We all know that drinking plenty of water is important, because water is the main component of the human body and because all processes in body need water to function. Water is also important for our skin, for aesthetic and physiological reasons equally. However, it’s not always easy to keep skin hydrated, so here is some additional motivation and some ways to make sure your skin is always properly hydrated.
Your skin has three different layers: the subcutaneous tissue, the dermis above it and the epidermis on top. Since the epidermis is what covers the outside of your entire body, it is most exposed to everything the world has to throw at it. This means that weather conditions, our environment and our daily activities, all take a toll on our skin, and that’s why we have to take extra precautions to protect it. If the epidermis dries out, it can break, dry out to the point of hurting and lose elasticity. Elasticity is important because the way we feel the skin on our hands losing elasticity when it’s dry, we can translate that to what happens to the skin on our face. When skin loses elasticity, it becomes saggy, less radiant and our face starts to give in to gravity. On top of that, the lack of moisture can be very harmful as moisture helps skin flush toxins, carry nutrients and create a barrier against harmful bacteria in our environment.
Healthy skin will always look good, but more importantly – it will feel good. Nobody likes to have skin issues because not only are they uncomfortable, they are also highly visible, especially when they are on the face or on the hands. Dehydrated skin increases the possibility of itchiness and rashes, as your skin’s defensive systems are lowered and your skin is more susceptible to bacteria. It’s important to apply the correct treatment to the area after consulting with your dermatologist. This will usually be an antibacterial cream, which will hydrate your skin at the same time. However, it’s important not to scratch the skin while it’s inflamed, otherwise, you might make the rash worse, spread it to other areas or even rip your skin. In addition, dry skin also makes some chronic conditions, like acne, worse. Acne is not caused by oily skin, but oily skin does make acne worse, and a lot of people seem to think that drying out their skin will reduce the amount of oiliness. However, the two – dry skin and oils – aren’t connected in that way. Water and oils are two different things, and your body will actually produce even more oils to compensate for the lack of water in your skin, making the situation even worse.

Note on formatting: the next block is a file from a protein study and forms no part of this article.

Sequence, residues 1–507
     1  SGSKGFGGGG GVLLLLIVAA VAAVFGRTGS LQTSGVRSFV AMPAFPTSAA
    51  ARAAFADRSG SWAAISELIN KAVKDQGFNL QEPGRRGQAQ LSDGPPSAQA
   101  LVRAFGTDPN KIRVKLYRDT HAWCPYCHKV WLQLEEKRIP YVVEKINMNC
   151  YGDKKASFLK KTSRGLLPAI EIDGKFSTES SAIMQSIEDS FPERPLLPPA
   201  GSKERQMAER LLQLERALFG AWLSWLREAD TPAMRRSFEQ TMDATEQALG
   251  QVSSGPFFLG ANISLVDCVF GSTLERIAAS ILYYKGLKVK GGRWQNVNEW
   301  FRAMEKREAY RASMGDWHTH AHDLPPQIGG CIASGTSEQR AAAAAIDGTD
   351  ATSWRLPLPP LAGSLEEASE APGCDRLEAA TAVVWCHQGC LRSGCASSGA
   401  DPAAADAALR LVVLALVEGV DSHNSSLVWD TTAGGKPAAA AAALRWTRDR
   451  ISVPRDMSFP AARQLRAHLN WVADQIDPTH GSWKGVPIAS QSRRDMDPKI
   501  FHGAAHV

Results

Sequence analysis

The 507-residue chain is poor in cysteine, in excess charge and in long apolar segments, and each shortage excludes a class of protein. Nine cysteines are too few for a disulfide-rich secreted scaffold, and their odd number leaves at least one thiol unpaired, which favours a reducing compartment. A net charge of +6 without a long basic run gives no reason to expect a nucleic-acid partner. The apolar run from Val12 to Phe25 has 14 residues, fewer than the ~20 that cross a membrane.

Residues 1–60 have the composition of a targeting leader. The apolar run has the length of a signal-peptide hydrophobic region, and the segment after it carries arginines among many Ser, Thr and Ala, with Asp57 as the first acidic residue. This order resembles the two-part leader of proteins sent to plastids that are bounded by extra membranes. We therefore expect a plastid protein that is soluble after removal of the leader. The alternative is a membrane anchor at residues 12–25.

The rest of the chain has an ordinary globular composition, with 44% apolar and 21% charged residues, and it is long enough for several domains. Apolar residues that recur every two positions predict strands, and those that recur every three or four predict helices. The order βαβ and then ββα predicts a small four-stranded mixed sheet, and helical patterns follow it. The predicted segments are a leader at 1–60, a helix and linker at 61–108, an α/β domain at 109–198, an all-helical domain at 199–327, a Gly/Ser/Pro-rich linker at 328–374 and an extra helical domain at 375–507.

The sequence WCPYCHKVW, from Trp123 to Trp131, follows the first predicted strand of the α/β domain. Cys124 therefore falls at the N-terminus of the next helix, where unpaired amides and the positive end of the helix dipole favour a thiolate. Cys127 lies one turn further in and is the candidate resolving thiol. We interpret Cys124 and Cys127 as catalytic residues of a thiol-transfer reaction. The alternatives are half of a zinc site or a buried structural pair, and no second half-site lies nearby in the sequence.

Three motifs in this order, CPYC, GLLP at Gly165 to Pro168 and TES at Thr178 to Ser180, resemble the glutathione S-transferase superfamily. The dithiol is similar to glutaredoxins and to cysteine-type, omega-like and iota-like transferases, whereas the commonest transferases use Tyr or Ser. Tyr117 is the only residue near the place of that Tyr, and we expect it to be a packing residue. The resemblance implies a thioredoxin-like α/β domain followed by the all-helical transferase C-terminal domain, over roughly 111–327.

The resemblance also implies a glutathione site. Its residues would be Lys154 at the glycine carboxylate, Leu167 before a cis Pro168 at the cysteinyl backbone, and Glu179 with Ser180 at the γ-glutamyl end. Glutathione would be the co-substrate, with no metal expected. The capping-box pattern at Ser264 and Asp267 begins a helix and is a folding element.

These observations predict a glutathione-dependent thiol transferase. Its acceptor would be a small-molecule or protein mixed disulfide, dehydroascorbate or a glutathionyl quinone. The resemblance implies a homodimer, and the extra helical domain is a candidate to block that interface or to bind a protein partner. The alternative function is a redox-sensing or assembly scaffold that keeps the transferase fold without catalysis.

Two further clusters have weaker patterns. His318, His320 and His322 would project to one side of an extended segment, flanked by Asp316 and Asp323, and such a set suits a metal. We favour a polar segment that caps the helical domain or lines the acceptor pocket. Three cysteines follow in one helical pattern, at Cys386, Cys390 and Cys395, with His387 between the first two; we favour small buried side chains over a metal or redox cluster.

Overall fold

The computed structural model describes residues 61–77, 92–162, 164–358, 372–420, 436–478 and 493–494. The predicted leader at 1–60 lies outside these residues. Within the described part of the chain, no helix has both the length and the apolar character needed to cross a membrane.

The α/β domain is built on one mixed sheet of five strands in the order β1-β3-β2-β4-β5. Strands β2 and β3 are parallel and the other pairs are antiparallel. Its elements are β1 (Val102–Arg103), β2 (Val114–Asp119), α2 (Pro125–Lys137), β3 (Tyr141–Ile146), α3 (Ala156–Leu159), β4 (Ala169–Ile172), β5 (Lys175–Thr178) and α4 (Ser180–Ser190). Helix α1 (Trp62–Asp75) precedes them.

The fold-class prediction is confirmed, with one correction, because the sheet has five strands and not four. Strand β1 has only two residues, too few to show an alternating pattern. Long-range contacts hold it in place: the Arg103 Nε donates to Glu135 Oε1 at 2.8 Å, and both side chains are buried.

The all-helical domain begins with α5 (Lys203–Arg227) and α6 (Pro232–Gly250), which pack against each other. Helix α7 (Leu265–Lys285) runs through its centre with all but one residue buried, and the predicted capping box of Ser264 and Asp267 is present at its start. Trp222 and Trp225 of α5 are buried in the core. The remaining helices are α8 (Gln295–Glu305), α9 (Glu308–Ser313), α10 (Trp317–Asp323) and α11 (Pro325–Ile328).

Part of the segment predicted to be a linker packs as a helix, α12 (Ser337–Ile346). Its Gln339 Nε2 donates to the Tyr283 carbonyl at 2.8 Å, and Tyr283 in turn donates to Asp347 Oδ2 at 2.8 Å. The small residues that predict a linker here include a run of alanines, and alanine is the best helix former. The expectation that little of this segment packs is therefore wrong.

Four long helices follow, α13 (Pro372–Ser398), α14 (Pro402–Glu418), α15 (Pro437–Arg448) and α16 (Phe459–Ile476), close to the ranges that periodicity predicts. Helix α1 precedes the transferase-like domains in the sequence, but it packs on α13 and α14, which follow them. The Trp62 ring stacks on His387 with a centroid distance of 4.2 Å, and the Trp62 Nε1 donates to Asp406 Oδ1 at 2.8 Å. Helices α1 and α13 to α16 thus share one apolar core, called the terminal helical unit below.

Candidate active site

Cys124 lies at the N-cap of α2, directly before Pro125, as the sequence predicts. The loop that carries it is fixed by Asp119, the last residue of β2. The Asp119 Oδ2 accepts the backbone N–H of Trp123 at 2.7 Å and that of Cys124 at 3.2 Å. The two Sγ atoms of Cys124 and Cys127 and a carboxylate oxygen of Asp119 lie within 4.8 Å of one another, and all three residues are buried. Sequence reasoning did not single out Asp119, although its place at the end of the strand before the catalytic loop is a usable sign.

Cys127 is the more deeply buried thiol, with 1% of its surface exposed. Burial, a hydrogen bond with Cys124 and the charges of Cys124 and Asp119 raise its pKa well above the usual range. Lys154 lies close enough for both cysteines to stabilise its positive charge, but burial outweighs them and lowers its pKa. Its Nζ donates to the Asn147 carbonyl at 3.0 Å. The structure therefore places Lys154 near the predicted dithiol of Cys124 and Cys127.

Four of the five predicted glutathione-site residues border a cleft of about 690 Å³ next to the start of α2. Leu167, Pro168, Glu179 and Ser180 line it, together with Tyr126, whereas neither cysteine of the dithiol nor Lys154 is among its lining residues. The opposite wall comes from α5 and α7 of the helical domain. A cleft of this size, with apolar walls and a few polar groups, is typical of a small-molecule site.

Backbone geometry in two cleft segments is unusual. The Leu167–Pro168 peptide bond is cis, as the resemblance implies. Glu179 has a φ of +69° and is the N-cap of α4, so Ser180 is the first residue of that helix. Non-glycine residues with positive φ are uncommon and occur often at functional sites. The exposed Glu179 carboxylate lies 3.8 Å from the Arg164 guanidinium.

Hydrating from the inside out
The first step to hydrating your skin is to hydrate your entire body. There’s no easier way to do this than to drink plenty of water. Still, with a busy lifestyle, we often forget to take care of ourselves and drink enough water. Well, filling up a reusable water bottle and putting it in your bag can be a huge help because every time you see it, it will remind you to take a sip. Remember, you will only feel the symptoms of dehydration (dry mouth, dizziness, thirst…) after you’ve already been dehydrated for some time, and that’s why you need to drink water constantly, and not only when you start getting thirsty. Of course, you can also get water from other beverages, the food you eat, and fruits with high water content, such as watermelon for instance. You can also set alarms on your phone or install apps to remind you to drink water, and if you don’t like water because it doesn’t have a taste, try plopping in some fresh berries or citrus fruits to make the taste more appealing. Different temperatures of your environment also dictate how much you should drink, so you should refill your bottle at every stop.
Hydrating from the outside
Sometimes hydrating from the inside just isn’t enough. Cold air, winds or the scorching sun can all damage skin, and that’s when it’ll need to heal from the outside as well. Hydrate your body by applying body milk all over it after you shower. Speaking of showers, try lowering the temperature of the water, since our skin absorbs less moisture from hot showers. Lukewarm, or as close as you can get to your body temperature, is the way to go. For your face, eye area, elbows, knees and hands, you should also get some extra help. These are all either sensitive areas, or the ones that are involved in a lot of moving and stretching, so you might want to pay attention to their dryness and up the moisture content if necessary. Make sure that the soaps you use don’t dry out your skin because many of them do, and in case they do, rehydrate your skin with a cream afterwards.
Taking care of your skin is a necessity both for beauty and health, and you should always try to pay attention to what your body is telling you. Most of us don’t get the hydration we need during the day, so don’t be a part of that statistic and get hydrated.